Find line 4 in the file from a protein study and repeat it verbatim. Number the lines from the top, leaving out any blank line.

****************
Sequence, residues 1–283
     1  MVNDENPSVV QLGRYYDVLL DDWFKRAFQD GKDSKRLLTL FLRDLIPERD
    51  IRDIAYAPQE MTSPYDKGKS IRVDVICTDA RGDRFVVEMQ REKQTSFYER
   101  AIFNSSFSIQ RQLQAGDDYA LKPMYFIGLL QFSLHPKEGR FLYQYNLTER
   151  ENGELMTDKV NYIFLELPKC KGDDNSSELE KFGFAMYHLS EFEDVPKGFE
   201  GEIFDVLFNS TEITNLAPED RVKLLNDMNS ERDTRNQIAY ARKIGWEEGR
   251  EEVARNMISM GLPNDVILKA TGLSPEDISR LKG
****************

   101  AIFNSSFSIQ RQLQAGDDYA LKPMYFIGLL QFSLHPKEGR FLYQYNLTER